COLLEGE PARK, Md. — As the red lights around the backboard turned on to signify the end of the game, Maryland forward Nik Caner-Medley’s fall-away jumper floated through the air.
With 17,950 red-clad fans waiting in hushed anticipation, the shot bounced twice off the rim before falling harmlessly away, sending the game into overtime.
But even before Caner-Medley’s shot left his hands, the outcome of the game was all but decided.
With forwards Shavlik Randolph and Shelden Williams on the bench, disqualified after picking up their fifth fouls, the Blue Devils were going to have a tough time playing with the Terrapins inside in overtime.
“Overtime was frustrating. We were definitely at a disadvantage,” J.J. Redick said. “They just had more overall athleticism than we did during the overtime.”
Despite a valiant overtime effort by 6-foot-3 “center” DeMarcus Nelson—who badly lost the opening tip to Maryland’s 6-foot-9 Ekene Ibekwe—Duke never really had a chance to stop the Terps. The extra period was just a formality.
Of the seven overtime points Maryland scored before the Blue Devils started fouling intentionally, five came after offensive rebounds. Before the period was over, three more Blue Devils—Daniel Ewing, Sean Dockery and Lee Melchionni—would foul out attempting to stop the bigger and taller Maryland players.
By the time Patrick Davidson entered the game with more than three minutes to play and Duke trailing by three, it was apparent that if the Blue Devils were going to win, it would have to be in Pantheon-of-Great-Duke-Games fashion under the sub-heading “J.J. Redick steals a game.”
But Redick’s shots just wouldn’t fall—he made just 5-of-19 and missed all five of his attempts in overtime—and Maryland continued to dominate the Blue Devils on the offensive glass.
Ibekwe scored the Terps’ first point in OT on a free-throw attempt when Ewing fouled him on a put-back. Travis Garrison’s short second-chance jumper over Patrick Johnson—who contributed nothing but four fouls and appeared over-matched all night—provided the Terps’ fourth and fifth points.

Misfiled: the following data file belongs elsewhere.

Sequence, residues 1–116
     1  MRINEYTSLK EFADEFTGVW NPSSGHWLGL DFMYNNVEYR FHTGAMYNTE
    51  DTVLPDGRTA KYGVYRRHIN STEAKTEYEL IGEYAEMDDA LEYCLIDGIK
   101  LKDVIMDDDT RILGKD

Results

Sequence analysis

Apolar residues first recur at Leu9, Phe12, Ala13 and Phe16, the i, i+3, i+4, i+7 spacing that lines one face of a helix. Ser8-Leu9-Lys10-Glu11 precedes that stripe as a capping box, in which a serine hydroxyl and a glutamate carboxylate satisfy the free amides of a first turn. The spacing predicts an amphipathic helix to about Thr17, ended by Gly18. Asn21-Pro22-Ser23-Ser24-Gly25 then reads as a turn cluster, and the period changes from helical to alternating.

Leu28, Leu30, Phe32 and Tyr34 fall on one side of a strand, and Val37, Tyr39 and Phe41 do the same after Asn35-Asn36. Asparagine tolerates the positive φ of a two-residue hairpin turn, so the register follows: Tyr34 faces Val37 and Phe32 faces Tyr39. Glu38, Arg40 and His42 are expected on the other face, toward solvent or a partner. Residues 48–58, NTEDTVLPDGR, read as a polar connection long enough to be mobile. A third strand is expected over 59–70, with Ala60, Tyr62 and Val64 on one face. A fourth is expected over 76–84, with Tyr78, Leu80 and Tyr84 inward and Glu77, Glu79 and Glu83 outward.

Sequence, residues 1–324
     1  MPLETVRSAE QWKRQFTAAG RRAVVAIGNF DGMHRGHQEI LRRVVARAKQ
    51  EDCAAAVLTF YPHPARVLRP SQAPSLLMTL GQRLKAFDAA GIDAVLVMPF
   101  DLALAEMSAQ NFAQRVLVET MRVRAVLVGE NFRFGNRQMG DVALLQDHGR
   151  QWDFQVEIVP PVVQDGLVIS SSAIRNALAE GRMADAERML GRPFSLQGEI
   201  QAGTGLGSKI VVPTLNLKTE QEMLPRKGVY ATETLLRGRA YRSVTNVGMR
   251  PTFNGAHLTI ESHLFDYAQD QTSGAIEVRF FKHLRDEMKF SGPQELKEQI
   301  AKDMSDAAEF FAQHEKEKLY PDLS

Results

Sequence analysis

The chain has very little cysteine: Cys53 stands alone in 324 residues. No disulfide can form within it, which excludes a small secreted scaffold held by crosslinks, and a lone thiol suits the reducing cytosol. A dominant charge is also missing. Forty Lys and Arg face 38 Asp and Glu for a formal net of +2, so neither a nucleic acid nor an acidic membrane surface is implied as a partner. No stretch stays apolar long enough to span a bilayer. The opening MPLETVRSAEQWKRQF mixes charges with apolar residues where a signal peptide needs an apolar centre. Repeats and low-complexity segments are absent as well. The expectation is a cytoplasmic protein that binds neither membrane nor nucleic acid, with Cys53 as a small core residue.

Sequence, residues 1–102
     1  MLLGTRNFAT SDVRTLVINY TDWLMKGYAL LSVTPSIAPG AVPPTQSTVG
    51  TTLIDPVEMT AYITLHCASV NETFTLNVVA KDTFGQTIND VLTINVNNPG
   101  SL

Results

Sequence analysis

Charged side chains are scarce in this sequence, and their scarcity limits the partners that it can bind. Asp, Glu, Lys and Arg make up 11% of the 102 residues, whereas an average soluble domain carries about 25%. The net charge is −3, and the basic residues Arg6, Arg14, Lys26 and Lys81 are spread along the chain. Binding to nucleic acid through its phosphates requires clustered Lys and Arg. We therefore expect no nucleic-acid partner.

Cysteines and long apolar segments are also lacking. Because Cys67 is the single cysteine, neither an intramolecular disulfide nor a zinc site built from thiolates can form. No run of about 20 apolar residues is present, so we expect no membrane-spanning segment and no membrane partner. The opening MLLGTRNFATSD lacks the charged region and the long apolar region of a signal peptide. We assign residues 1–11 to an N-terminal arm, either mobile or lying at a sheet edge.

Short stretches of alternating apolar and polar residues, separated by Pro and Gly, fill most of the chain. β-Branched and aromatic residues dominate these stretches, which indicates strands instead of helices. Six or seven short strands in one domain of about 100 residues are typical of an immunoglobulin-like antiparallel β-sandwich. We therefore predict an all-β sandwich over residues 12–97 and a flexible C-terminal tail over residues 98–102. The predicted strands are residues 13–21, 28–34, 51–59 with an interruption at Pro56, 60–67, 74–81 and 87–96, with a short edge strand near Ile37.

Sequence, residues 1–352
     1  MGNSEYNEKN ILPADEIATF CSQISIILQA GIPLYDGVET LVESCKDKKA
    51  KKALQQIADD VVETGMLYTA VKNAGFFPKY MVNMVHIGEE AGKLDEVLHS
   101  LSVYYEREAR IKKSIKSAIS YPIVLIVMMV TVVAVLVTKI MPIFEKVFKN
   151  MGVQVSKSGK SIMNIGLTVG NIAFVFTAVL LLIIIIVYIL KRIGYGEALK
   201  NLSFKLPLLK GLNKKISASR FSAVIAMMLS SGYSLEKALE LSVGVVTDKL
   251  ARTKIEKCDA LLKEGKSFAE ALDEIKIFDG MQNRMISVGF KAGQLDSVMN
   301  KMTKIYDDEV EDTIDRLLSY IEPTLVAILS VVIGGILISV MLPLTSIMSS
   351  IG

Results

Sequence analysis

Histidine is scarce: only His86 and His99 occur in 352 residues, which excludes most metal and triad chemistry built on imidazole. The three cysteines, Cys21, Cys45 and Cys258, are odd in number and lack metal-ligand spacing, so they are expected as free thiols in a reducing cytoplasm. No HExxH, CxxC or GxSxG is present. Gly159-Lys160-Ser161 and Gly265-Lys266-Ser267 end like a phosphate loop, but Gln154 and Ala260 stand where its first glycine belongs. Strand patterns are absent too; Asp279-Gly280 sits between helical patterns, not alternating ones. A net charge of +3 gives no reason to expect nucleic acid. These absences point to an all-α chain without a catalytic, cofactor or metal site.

But the most telling play might have been Maryland guard Mike Jones’ plucking a rebound off the top of Davidson’s head before finding teammate Chris McCray, who was fouled by Johnson.
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Head coach Mike Krzyzewski was careful not to chalk up any of the Blue Devils’ struggles to his team’s much-noted lack of depth. Instead, the coach placed blame on his players for getting into foul trouble. And although the five fouls the injured Reggie Love could have contributed underneath might have kept Williams and Randolph in the game longer, the two big men must keep themselves out of foul trouble.
Randolph did draw one of the tougher defensive assignments—following the big and versatile Caner-Medley around the court all night (or the 11 minutes Randolph actually played). But he can make no excuses for picking up two fouls in four seconds during the first half, or for committing his third foul immediately after re-entering the game later in the half.
Williams, despite a great game statistically and playing well while he was in foul trouble, took a step back Saturday. It was the first time since Duke’s win over Princeton Jan. 5 that the junior forward committed four or more fouls in a game, and it was his first disqualification since last year’s Final Four.
Duke has known since the start of the season that it would need Williams and Randolph to avoid foul trouble and play a lot of minutes to compensate for a roster that has only two true big men. In overtime against the Terps, the Blue Devils faced their worst case scenario.
Unfortunately, Duke’s nightmare overtime overshadowed a night in which the team did so many things well, especially on offense. Ewing played one of his best games of the season, scoring 23 points, and Duke was able to mix drives to the basket, long-range shots and Williams’ inside dominance on its way to 88 points during regulation.
Duke’s offensive success and second-half effort that Coach K went out of his way to praise just made the hellish overtime period tougher, as the Blue Devils found a new and frustrating way that ACC foes could beat them.
“It’s once in a blue moon that five guys foul out,” Redick said. “This league will take you prisoner and make you stay awhile.”